For Love of The Equestrian Sport

What is success? Is it a million dollar contract? Admission in IIT Mumbai? A job with Google? Launching your own tech app during a recession? A gold medal in a sporting event?

And what is failure? Is it 30% on a school final exam? Rupees 20,000 sales on a 20 lakh target? No job after campus placements? Being laid off in a recession? Finishing last in a race at a sporting event?

Big questions that everyone faces and big questions that have very different answers for all of us. Answers that are influenced by the values that are instilled in us by family during upbringing, the notions drilled into us by our educationists, lessons we learn as we grow and experience the world, and our personal drive.

These are also matters that can be and are often addressed by institutions and people that are focused on providing an alternative educational experience, institutions like Japalouppe Equestrian Centre in Talegaon, near Pune.

Today, February 9, 2020, is the last day of the three-day Annual Equestrian Games 2020 hosted by Japalouppe. And it’s been an engrossing, exciting and extraordinary event with 165 riders from 7 riding teams from Maharashtra competing in several events in 6 categories. Said to be the biggest equestrian tournament in Maharashtra, it’s been an education watching these events to say the least.

The competition in Dressage and Showjumping events was intense. The gymkhana events (Pole Bending, Ball n Bucket, Trot Race) were entertaining. The Showjumping Challenge was exciting.

Watching the children who are participating, I could easily imagine that being a part of equestrian sports is as big a life lesson as any other. The commitment to the sport is extraordinary among all the participants, from 7-8 year olds to 20 year olds who are competing against seasoned riders. It’s a huge opportunity for coaches and trainers to compete as well – a very big challenge since most of their time is really spent mentoring their young wards, leaving precious little saddle time for their own events.

I watched as a 15 year old was thrown off by a petulant horse, falling hard on the soil, getting up disqualified, upset, but walking back to cheer her team mates and other riders a while later. A little later another rider, discounted and walked off dejected after his horse refused to take a single jump on a show-jumping event – only to bounce back a while later to stand and applaud the efforts of other participants. A little 12-year-old girl knuckled down and managed to stay focused to turn in a superb ride at the end of a long day. A senior coach got a huge round of applause for staying on a horse that was bucking and kicking, taking no jumps. This sport is a great leveller – the connection between horse and rider and the fatigue and the atmosphere are all unpredictable and mutual respect and understanding gives a different meaning to success and failure. Staying on a horse that doesn’t want to jump and taking one jump is success as big as a medal. Falling off and coming back for the next event is success. Not being able to take a fall or mistakes in your stride is the only failure. And the community of fellow riders – cutting across teams – is standing together to help each other over come that as well.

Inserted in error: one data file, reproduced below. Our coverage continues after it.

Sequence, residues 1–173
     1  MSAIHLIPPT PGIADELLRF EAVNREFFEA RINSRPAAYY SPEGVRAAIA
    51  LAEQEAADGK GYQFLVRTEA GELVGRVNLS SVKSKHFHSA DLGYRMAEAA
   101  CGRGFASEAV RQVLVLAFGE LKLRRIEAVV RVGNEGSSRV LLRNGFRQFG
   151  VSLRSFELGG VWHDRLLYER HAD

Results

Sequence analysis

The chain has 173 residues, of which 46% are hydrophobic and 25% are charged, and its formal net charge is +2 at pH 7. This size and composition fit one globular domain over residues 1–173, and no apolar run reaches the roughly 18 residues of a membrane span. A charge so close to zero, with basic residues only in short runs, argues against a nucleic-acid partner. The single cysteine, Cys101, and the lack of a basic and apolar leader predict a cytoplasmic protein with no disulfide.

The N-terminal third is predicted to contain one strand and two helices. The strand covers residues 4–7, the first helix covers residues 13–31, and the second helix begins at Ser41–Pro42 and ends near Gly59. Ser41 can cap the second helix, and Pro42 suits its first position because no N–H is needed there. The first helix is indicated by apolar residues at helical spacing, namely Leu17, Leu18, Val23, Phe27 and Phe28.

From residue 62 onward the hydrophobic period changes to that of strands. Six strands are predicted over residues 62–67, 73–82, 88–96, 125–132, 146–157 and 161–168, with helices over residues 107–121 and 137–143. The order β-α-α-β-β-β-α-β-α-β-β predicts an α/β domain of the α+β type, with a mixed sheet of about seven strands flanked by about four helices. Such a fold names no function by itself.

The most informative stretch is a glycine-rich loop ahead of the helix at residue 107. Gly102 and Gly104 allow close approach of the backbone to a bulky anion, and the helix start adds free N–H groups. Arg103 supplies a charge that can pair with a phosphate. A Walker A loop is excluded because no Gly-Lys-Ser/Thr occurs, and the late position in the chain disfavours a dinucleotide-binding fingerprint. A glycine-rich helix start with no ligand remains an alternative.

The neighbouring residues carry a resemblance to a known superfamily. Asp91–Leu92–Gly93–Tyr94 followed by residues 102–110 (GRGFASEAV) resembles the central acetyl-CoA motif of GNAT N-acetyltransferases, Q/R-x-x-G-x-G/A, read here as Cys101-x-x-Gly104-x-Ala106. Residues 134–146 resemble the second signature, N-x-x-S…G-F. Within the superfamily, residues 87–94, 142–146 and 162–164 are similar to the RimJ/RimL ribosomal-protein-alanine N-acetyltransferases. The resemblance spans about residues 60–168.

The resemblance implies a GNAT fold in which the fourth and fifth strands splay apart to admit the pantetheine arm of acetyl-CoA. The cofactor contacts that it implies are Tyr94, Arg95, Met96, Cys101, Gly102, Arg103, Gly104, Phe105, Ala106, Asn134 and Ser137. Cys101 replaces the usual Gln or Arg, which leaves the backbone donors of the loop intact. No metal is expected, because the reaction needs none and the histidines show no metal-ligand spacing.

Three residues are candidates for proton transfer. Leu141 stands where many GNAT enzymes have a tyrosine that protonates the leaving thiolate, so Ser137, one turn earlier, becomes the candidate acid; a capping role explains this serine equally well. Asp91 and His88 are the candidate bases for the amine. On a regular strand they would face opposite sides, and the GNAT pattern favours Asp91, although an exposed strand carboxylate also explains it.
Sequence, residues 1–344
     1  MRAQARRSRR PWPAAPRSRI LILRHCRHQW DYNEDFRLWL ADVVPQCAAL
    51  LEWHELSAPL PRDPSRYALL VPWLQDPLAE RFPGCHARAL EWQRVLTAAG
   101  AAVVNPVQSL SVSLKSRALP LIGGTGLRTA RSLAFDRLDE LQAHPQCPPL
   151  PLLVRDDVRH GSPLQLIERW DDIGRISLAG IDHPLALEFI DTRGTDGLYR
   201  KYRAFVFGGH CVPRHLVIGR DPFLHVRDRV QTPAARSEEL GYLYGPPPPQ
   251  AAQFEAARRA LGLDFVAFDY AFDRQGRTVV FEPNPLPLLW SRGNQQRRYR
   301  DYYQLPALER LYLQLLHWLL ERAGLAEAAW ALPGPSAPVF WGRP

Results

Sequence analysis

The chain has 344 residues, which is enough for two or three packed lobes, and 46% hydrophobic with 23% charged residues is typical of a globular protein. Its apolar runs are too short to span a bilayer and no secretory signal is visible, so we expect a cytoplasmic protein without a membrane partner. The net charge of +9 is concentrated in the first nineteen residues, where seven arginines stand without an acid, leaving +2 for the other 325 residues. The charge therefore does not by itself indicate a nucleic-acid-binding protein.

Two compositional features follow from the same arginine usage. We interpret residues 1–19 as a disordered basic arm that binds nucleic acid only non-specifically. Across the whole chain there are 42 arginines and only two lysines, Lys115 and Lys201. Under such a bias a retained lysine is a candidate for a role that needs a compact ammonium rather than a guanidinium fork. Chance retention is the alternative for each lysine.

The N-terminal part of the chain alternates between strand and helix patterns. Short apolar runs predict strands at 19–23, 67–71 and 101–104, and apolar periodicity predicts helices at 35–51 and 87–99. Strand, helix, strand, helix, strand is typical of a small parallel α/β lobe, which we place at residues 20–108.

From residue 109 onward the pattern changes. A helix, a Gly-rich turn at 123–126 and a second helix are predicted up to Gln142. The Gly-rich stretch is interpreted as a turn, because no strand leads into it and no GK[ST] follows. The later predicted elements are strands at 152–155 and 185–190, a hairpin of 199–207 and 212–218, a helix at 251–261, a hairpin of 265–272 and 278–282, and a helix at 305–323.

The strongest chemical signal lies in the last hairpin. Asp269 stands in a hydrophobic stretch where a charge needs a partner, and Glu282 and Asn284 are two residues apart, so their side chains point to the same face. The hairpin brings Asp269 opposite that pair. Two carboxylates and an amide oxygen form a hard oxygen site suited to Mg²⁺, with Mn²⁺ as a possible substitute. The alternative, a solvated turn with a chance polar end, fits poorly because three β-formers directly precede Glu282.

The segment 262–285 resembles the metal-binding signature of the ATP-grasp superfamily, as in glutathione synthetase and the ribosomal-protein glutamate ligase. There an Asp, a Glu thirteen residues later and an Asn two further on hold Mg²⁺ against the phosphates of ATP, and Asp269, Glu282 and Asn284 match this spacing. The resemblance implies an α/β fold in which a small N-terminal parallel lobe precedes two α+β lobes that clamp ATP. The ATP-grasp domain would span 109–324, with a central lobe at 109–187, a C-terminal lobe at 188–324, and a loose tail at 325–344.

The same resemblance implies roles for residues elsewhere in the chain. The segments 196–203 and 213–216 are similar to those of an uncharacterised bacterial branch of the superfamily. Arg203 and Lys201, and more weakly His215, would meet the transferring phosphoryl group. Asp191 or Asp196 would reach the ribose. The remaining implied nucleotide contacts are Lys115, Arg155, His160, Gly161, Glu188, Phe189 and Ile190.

The horses are of equal measure. Some of them are serene, majestic and turn in good performances event after event. Some are feisty little horses with big hearts and go head-to-head – and often triumph over – larger thoroughbreds and warm bloods. Other horses are temperamental, testing themselves and their riders on a whim, unpredictable as the wind, deciding on a perfect round in the morning and a recalcitrant stubborn roller coasting in the afternoon. Yet others are happy to be in the arena, eager to jump, and run on and on.

Three rides that stood out for me over the first two days were as follows:

1. The Showjumping round of Abbas of Amateur Riding Club, Mumbai in the Open Category

2. The Topscore round by Kashish Bajaj of Japalouppe in the Open Category

3. The overall composure and skill of 12-year-old Naomi of the Amateur Riding Club, Mumbai

Meeting riders and trainers from different clubs, observing their camaraderie, I realised that Riding Schools and Clubs are like families and those involved with equestrian sports are a community. Japalouppe, for its part, has a dedicated focus on educating more and more children in this sport – theory, riding, and whole education as a life-skill. Founded by Rohan More (CO-founder Lorraine More), Jap (as it is fondly called) is spread across 11 acres and is home to 69 horses, making it one of the largest private equestrian centres in India.

You can visit Japalouppe on any day to learn more about the sport, take riding lessons, pony rides, enrol for riding camps (they also have a petting farm for children to interact with birds, turtles, ostrich, sheep, rabbits, pigs, Emus, among other farm animals).

For further information visit: Japalouppe.

(Photos by Vinod Hanchate.)

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